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New Poll Skewers Cruz-Rubio Tangle
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A conflict of interest.
Should Al Jazeera–the broadcast organ of Qatar’s pro-Muslim Brotherhood regime–be required to register as a foreign agent in the United States? Alexandra Ellerbeck and Avi Asher-Schapiro of the New York-based Committee to Protect Journalists think the answer is no, and they have a long essay in the Columbia Journalism Review laying out their case.
Requiring Al Jazeera to register under the Foreign Agent Registration Act, they argue, would have a chilling effect on its journalism and empower a “notoriously opaque unit within the Department of Justice to draw an impossible line between propaganda and journalism.” They also contend that using FARA to pressure outlets like Al Jazeera would encourage repressive governments abroad to take similar action against critical media and civil-society organizations.
The problem: Ellerbeck and Asher-Schapiro failed to disclose their own conflict of interest when it comes to Al Jazeera.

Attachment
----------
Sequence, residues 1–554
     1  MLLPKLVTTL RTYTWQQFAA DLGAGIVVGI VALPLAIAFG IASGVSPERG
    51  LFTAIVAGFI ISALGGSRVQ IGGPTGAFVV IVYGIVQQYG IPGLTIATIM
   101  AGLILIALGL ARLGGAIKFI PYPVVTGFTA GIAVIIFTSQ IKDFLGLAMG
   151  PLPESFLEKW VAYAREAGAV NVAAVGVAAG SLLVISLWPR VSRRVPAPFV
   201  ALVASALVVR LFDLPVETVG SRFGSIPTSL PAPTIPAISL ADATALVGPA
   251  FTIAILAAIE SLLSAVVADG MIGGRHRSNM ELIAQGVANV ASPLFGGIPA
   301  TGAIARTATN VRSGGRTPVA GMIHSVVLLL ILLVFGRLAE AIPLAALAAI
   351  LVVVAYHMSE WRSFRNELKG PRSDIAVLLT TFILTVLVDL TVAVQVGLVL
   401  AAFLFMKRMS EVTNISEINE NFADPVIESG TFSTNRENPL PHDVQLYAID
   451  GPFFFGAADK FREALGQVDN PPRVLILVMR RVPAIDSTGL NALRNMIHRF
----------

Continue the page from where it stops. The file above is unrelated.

To wit, Al Jazeera program host Mhamed Krichen is a member of the board of directors of the Committee to Protect Journalists, Ellerbeck’s and Asher-Schapiro’s employer. The authors quote numerous Al Jazeera officials and highlight the broadcaster’s reporting “accolades.” But they eschew or only lightly touch on Al Jazeera’s less savory aspects, not least the fact that its Arabic network has long served as a platform for Yusuf al-Qaradawi, the Muslim Brotherhood preacher.
In a 2009 speech broadcast on the network, Qaradawi praised Hitler and the Holocaust: “Throughout history, Allah has imposed upon the [Jews] people who would punish them for their corruption. The last punishment was carried out by Hitler. By means of all the things he did to them–even though they exaggerated this issue–he managed to put them in their place. This was divine punishment for them. Allah willing, the next time will be at the hand of the believers.”
The failure to disclose is especially to embarrassing for the Columbia Journalism Review, which trades on its association with Columbia University’s Graduate School of Journalism and the Pulitzer prizes. Perched on Morningside Heights, CJR regularly subjects other outlets to journalistic scrutiny, doling out “hits and misses” and “darts and laurels.” To his credit, CJR editor Kyle Pope was quick to issue a statement and amend the story when I reached out to him.